posted by chrominance at 11:23 AM on June 3, 2008


Which makes me roll my eyes at the Gothamist's "Cyclists have dominated the competition, which is not monitored by any independent governing body, every single year," as if it's some kind of cheat.

It is kind of suspicious though. I mean, it's in New York. How hard could it be to find some UN observers?
posted by Armitage Shanks at 11:25 AM on June 3, 2008


But can the cyclist do it while reading the most recent copy of Glamour?

That's the real challenge.
posted by Stynxno at 11:28 AM on June 3, 2008


Guess who wins?

Everybody who doesn't have to commute in New York.
posted by Faint of Butt at 11:28 AM on June 3, 2008 [7 favorites]


Philly, also.

And he claims he went all the way down Spruce, which is narrow and busy and not very good as a bike route. Kudos to him for handily winning.
posted by Blazecock Pileon at 11:29 AM on June 3, 2008


Armitage Shanks wrote "How hard could it be to find some UN observers?"

They're probably stuck in traffic.
posted by caution live frogs at 11:29 AM on June 3, 2008


Transalt is an NYC organization, zabuni; they kind of HAVE to have it here.

And it's not even "sort of" a cheat-- it's a media stunt, arranged to prove a point which is well known to cyclists, but less known to other commuters. Sure, one of the other contestants could win, but it's less likely.

And an "independent" organization would never bother to host such an event, because why would they care?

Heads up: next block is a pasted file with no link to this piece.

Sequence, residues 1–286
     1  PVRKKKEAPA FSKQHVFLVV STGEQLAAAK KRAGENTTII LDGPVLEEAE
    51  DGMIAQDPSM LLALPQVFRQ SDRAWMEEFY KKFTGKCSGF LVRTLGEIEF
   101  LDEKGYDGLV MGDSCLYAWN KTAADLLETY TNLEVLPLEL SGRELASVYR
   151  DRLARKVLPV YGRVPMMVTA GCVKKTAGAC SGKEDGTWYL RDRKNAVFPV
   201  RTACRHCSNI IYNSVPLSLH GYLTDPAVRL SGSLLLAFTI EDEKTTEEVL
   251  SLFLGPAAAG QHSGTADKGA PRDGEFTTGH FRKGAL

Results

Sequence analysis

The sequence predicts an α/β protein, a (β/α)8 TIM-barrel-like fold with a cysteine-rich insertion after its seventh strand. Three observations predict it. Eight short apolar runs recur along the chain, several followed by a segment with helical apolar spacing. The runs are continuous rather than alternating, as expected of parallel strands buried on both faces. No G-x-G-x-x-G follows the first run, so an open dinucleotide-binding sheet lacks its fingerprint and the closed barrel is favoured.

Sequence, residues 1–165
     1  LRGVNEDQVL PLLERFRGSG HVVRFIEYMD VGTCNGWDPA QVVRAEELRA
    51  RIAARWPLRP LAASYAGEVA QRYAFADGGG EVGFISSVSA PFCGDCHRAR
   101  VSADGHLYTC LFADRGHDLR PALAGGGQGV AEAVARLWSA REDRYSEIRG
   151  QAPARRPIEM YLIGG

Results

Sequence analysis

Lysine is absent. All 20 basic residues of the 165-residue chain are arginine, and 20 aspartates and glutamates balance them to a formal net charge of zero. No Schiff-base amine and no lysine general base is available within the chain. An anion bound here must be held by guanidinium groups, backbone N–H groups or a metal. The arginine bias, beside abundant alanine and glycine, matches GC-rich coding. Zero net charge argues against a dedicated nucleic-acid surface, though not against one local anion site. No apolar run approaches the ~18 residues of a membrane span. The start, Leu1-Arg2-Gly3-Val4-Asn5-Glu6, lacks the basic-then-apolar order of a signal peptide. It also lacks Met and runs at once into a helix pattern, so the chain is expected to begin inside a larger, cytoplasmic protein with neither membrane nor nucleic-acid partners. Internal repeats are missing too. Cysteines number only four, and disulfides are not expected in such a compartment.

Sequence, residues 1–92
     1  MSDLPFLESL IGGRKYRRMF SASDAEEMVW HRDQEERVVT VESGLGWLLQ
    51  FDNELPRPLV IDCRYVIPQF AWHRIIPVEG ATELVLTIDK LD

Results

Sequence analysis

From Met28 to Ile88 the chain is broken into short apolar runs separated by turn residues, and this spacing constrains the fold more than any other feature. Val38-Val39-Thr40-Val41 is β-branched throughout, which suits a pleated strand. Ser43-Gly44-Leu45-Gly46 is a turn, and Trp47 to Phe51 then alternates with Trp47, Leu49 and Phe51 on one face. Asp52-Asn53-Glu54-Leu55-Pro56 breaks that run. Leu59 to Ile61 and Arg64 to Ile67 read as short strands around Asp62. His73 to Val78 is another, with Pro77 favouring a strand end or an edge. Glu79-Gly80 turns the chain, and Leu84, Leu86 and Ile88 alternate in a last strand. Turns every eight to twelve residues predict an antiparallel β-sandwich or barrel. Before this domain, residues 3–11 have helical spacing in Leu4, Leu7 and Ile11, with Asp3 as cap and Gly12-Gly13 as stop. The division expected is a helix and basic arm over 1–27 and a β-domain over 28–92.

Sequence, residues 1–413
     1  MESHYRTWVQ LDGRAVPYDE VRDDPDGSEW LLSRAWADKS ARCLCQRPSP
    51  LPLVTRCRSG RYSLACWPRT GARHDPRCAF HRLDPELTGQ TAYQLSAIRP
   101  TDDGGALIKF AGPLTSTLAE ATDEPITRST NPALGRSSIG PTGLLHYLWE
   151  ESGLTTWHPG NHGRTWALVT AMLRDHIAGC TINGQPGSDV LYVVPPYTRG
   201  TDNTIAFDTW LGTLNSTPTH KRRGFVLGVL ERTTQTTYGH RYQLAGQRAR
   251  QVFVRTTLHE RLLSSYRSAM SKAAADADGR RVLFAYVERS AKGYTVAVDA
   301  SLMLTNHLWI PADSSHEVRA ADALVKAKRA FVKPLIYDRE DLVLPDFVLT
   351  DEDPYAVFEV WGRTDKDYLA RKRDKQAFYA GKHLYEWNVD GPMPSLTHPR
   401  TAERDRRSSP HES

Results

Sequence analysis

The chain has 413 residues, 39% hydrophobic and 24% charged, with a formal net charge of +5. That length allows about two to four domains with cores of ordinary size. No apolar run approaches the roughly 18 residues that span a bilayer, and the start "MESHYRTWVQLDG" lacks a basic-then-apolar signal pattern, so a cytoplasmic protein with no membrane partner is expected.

You'd have to look almost esoterically deep into traffic patterns and whatnot to find a way to rig this race. Time of day, weather, unforseen factors-- all these notwithstanding, a bike is essentially the fastest way to get around. Instead of endlessly carping on that fact, let's just have a fun race!
posted by [NOT HERMITOSIS-IST] at 11:30 AM on June 3, 2008


They've done this in Milwaukee before and the cyclist won there too.

At my current job, cycling is actually the quickest way to get here. It takes 10-15 minutes by bike, while the drive takes 7-10 minutes, but then I have to walk for at least 10 minutes from the nearest reasonably priced parking lot.
posted by drezdn at 11:35 AM on June 3, 2008


I live in Atlanta, and I commute from the suburbs every day. I'll put my car up against any bicycle or bus on my route and I will bet you a paycheck that I will win every time. Even during rush hour.
posted by tadellin at 11:36 AM on June 3, 2008


Now give each contestant 3 bags of groceries and a crying toddler and try again.
posted by DU at 11:39 AM on June 3, 2008 [3 favorites]


I live in Atlanta, and I commute from the suburbs every day. I'll put my car up against any bicycle or bus on my route and I will bet you a paycheck that I will win every time. Even during rush hour.

That wouldn't be fair, you'll need your paycheck for pay for gas.
posted by Blazecock Pileon at 11:40 AM on June 3, 2008 [2 favorites]


Yeah, I went to the subway when I (a) moved far enough out that I tend to get a seat and (b) started missing my reading time. But I think the point is that many folks think cycling takes too long, and this proves it doesn't for your average commuter (who is unlikely to be taking a toddler and groceries to work).
posted by dame at 11:47 AM on June 3, 2008


I live in Atlanta, and I commute from the suburbs every day. I'll put my car up against any bicycle or bus on my route and I will bet you a paycheck that I will win every time. Even during rush hour.

Maybe that's because Atlanta is a borgesian, vertiginous maelstrom of suburbs, exurbs and some of the worst public planning I've ever seen. I guess congestion won't be a problem once it becomes a ghost town due to the empty water reservoir and prohibitive gas prices.